Why Do Bikes Get Full Use of the Lane?
Frequently, automobile drivers get frustrated when a cyclist is blocking traffic and riding in the center of the lane. And they have the right to do so. But why? Bicycles are vehicles. Although you might not like their slow rate of speed, bikes are considered to be equal to a car. A person can’t walk on the street and slow traffic, but a bike has every right to be there.
If you attempt to pass the bike on the right and you cause an accident, then you are responsible for all of the costs that come about because of the accident. You can’t blame the cyclist. If you’ve been involved in an accident involving a car and a bike, you will need a personal injury attorney to represent you in the inevitable lawsuit.
Throughout Southern California, cities are setting aside tiny lanes (marked by solid white lines and frequently painted green) for cyclists to use. In some places, where there is more than one lane in each direction, the city will paint the stencil of a bike indicating that the cyclist has the legal right to be in the lane.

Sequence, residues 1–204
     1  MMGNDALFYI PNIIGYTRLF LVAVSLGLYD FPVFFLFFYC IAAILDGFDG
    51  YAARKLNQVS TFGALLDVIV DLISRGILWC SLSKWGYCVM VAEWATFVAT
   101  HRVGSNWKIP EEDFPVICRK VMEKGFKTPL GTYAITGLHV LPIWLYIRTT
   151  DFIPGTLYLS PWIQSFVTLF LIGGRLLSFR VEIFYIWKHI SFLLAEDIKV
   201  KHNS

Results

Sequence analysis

These additions, intended to help bikers and drivers share the road, have cause some confusion. For example, if there is a bike lane, can the cyclist is ride outside of the lane and use the full lane of traffic? In short, yes. Although thin bike lanes are intended to encourage more bike riders to use busy streets, they still have full use of the road. Keep in mind, those bikes are automobiles. If the cyclist deems the bike lane unsafe (other cyclists, pedestrians, open car doors) the cyclist can opt for the vehicle lane instead — even if that means slowing traffic to 15 miles per hour.
For years, only daredevil riders opted to take on the California streets on a bike. Today, however, cyclists and drivers have to adapt and respect each other to make California streets safe and accessible for anyone willing to follow the law.